LAUNCH Gallery is proud to present Paperwork from the Soul, a collection of four female paper artists whose work derives from a deeply personal meditative process inspired by material, history and life experiences. Marthe Aponte, Lorraine Bubar, Bianca Levan and Leigh Salgado use sharp blades, awls and paint to construct and deconstruct paper to share ideas and honor their creative spirit.
Marthe Aponte is a self-taught artist living at the edge of the Mojave Desert. She draws inspiration from her life in France, Venezuela, and California, influenced by African and Australian aboriginal artistic traditions as well as the flora and fauna. Her current practice focuses on “picoté”, an art form defined by delicate patterns and textures produced by piercing tiny holes in paper with needles and awls.
I enjoy creating contemporary designs inspired by nature, the human body and geometry imbued with a touch of surrealism. I discovered this art form a while ago. It reminded me of my mother’s embroideries, my mother-in-law’s crochet and my aunt’s sewing. I feel I am part of this lineage of women as I work in my studio in complete silence piercing holes with my awl. The physical proximity of punching holes in paper and sewing sequins and beads for countless hours to make complex compositions raises awareness about the meaning of small gestures that could be considered insignificant but act as a reminder of our personal connection with time and the sacred.
Lorraine Bubar's painterly papercuts, created from layers of colored papers, reflect the heritage of papercutting found around the world and capture the diverse ecosystems where she has traveled.
My interest in papercutting developed out of a love of traveling the world, hiking in its mountains, and a desire to honor its diverse cultures through an art form that crosses the boundaries of culture, fine arts, and craft. I became interested in papercutting when I realized that numerous cultures around the world, ranging from Eastern Europe and China to Mexico, utilize papercutting. They are created working with the simplest of materials and tools, to celebrate holidays and to mark life events. My papercutting connects me to this extensive cultural heritage. Cutting with an x-acto knife, I am creating images composed of layers of paper and layers of meaning.
For Bianca Levan, the process of papercutting is a method of emotional processing. The journey to create a piece is a journey through a psychological landscape. My cuttings generally originate from an idea I am exploring, an internal debate, or an observation about lived experiences. Since the body carries emotional experiences, both past and present, I am able to connect the feelings to thoughts through the physicality of papercutting.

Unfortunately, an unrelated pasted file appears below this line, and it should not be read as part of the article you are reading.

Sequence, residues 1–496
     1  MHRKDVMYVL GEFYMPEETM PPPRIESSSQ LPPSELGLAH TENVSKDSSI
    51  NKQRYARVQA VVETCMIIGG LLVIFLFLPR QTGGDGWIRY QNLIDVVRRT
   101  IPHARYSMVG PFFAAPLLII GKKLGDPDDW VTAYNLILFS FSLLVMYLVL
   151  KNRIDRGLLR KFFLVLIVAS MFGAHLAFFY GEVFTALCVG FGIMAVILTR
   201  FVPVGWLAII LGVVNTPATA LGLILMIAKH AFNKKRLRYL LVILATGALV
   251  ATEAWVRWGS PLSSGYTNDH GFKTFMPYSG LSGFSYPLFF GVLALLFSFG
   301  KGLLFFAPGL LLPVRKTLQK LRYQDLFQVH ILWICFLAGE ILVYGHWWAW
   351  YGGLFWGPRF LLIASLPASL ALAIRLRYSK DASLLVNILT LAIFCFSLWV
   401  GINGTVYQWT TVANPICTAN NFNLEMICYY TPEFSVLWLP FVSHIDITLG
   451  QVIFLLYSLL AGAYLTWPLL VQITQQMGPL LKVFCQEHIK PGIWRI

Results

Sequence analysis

With each artwork, I begin by crafting a scene that is imbued with internal dialogue or debate I’m experiencing. These representations evolve and transform - sometimes taking the shapes of landscapes where naturalistic elements clash or harmonize with manufactured structures. At other times they take more literal human forms questioning or exploring their place in the composition. Every time, I use a blade to cut and extract pieces from paper. What results is a papercut imbued with the imperfections that arise from a precise tool in imprecise human hands.
Leigh Salgado’s art starts with a precise, labor-intensive (yet organic) process of cutting paper by hand. She considers herself a painter and applies acrylic paint on cut-paper surfaces for vibrancy, painterly dimension, and texture. Her work is dedicated to the ornate and elaborate and expresses feminine divinity.
Themes of desire, eroticism, even being “girly” are what comprise my subject matter. Viewers are simultaneously looking at interpretations of the body, lingerie, netting, lace, clothing patterns, often in a sea of floral motifs and woven abstractions. My art revels in “frilliness” specifically to challenge the diminishments and trivializations that are sometimes associated with “girly” things. My process is proudly reminiscent of “women’s work” such as sewing, knitting, quilting, and crocheting, but the result is most definitely fine art, despite that being historically privileged as “men’s work.” Ultimately, the work can be seen beyond gender and stand as an appreciation and respect for the labor that goes into all of human creation.